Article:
MIT's sneeze cam shows our nose explosions in too much detail (and you can watch)
Tiny droplets linger in the air for minutes in the aftermath of swirling tornadoes of fragmented mucus. This is the latest portrait painted by a team of MIT researchers who use high-speed imaging to study the fluid dynamics of sneezes, with the ever-clearer picture of these infectious sprays revealing more about the role they play in spreading disease.
For almost a decade, the Borouiba research group at MIT has sought to better understand the fluid dynamics of disease transmission, and in the last few years this has led them to uncover some intriguing mechanical workings of our sneezes. In 2014, the team discovered that sneezes set invisible gas clouds in motion that stealthily carry small droplets up to 200 times farther than previously thought.
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Earlier this year, the researchers ran an experiment that placed human subjects against a black backdrop, among other settings. They set up a pair of high-speed monochrome cameras and focused on the mouths of the subjects, before tickling their noses to trigger the fiery nose explosions.
They found that, rather than the common perception of sneezes as a neat spray of uniform droplets, the event first launches a wide sheet of fluid into the air that then balloons and bursts into thin filaments. Only after that, are individual droplets formed that either fall to the ground or gather into the aforementioned floating gas clouds.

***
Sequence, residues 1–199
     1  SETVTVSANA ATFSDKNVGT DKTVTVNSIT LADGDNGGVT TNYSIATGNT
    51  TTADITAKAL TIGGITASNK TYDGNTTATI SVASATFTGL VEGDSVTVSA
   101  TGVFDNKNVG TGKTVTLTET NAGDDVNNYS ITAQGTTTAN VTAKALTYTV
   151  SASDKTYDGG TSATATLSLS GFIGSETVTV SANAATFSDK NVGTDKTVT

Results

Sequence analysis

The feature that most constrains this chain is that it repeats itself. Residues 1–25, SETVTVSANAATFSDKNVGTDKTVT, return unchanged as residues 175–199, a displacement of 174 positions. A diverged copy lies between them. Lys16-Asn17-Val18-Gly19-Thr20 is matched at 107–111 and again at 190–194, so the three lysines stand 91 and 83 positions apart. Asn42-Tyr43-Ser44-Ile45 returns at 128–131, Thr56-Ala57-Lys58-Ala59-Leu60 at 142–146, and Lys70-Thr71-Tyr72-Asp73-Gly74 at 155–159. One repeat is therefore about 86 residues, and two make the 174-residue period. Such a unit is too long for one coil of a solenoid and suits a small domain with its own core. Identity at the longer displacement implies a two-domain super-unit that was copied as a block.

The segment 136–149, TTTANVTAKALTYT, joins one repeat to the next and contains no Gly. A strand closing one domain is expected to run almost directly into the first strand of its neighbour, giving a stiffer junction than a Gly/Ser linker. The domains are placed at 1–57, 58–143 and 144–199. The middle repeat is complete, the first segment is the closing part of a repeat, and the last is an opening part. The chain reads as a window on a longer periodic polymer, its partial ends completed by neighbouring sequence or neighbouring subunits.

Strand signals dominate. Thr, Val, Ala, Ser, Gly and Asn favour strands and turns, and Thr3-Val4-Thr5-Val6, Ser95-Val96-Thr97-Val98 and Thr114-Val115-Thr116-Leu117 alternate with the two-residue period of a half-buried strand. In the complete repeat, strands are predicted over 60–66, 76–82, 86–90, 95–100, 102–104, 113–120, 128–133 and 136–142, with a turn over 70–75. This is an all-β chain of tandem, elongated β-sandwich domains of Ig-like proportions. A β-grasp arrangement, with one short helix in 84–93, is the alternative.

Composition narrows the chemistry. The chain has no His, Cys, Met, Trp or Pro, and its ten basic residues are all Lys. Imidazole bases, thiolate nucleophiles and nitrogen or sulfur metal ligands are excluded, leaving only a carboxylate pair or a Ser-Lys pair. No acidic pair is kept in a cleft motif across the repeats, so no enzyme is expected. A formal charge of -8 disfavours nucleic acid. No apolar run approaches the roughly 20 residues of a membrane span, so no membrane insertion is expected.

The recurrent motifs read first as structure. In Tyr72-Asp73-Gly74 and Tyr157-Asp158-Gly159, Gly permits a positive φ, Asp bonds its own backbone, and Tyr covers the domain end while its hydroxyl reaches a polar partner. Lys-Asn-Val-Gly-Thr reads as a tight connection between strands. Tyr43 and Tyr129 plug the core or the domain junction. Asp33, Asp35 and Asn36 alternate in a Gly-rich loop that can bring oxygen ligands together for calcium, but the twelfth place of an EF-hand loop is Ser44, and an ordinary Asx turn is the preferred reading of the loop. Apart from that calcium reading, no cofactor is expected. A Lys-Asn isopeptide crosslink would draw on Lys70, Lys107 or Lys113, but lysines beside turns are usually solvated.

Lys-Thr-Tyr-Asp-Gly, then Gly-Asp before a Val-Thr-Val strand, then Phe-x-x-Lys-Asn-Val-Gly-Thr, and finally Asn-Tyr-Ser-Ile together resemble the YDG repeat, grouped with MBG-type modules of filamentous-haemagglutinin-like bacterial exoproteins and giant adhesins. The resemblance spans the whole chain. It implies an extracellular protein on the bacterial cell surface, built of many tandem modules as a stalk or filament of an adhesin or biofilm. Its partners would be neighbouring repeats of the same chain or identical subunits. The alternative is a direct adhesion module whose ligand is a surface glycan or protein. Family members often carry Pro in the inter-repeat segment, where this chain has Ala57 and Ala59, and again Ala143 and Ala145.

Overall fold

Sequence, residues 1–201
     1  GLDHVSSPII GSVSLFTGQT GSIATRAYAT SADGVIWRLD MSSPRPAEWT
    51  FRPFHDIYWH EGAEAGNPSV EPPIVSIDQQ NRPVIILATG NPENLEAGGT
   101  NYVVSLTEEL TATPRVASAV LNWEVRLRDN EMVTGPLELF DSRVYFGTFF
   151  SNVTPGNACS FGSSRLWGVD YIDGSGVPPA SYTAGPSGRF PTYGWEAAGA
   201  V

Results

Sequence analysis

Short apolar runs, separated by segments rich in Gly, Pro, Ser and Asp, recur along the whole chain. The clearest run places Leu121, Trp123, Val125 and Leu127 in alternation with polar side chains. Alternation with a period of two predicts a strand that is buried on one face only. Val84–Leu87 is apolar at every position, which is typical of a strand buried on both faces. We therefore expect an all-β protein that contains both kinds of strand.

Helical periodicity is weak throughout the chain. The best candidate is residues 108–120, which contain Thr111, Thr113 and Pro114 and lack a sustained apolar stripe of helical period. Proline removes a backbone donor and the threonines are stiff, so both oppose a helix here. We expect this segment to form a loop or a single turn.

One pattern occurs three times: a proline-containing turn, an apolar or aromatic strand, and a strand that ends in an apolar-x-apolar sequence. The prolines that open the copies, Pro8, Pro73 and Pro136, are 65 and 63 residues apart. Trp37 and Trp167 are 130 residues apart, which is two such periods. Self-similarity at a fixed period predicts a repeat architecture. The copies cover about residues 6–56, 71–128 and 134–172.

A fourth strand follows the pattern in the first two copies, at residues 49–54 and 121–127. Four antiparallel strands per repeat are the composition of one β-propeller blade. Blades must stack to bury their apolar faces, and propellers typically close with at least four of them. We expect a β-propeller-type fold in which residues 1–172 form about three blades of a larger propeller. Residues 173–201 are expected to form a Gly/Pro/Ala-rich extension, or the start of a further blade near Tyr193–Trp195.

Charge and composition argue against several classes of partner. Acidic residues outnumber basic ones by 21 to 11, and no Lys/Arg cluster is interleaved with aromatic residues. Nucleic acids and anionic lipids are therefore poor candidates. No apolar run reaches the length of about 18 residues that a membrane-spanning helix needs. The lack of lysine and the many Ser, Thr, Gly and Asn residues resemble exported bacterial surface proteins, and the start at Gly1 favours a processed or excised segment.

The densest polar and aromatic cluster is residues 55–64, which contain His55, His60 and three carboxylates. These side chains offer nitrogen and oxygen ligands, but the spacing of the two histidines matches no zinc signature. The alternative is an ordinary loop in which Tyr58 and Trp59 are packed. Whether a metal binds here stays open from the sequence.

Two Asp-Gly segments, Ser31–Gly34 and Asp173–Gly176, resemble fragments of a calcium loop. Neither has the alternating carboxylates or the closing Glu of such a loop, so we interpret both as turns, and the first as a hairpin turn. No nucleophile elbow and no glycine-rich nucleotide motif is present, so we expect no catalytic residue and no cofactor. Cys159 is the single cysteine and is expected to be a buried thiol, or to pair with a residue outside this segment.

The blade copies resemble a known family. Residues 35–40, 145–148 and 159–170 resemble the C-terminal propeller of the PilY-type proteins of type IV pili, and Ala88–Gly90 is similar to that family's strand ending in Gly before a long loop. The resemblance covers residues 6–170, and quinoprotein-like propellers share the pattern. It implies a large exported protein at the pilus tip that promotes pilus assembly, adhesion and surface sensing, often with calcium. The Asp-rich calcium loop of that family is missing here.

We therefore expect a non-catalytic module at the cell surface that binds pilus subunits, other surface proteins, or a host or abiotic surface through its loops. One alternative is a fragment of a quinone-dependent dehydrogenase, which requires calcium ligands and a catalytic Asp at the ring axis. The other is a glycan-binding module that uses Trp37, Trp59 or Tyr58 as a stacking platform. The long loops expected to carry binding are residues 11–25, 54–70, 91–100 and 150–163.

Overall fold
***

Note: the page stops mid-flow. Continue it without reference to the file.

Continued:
Led by Professor Lydia Borouiba, the team continues to probe sneeze clouds for clues on disease transmission. Borouiba tells us that they used high-speed cameras and various optical techniques for their latest experiment, which featured several volunteers who agreed to fire off a few nasal rockets in the name of science. And the new captures have revealed a few new tidbits about the composition of a sneeze, suggesting they are more complex than we might have thought.
The researchers say they feature many different kinds of movements, among which are swirls and vortexes. There is also a wider range of droplet sizes than expected, ranging from some relatively large ones to some very small. And the environment in which your sneeze is unleashed can have a big influence on the shape it takes, with air movement, humidity and temperature all factors in its size, form and duration.
But the researchers were most surprised by the discovery that under the right conditions, the tiniest droplets can remain airborne for several minutes while at the same time drifting several feet. They say that this means a single sneeze in a room could potentially infect every person in that room.
The end game here is to learn more about how sneezes behave so that action can be taken to reduce the risks of disease transmission in places like hospitals. As the researchers work towards this goal, they recommend sneezing into your elbow rather than your hands, something we're sure you'll agree to do after watching the slo-mo sneeze video above.
The research was published in The New England Journal of Medicine.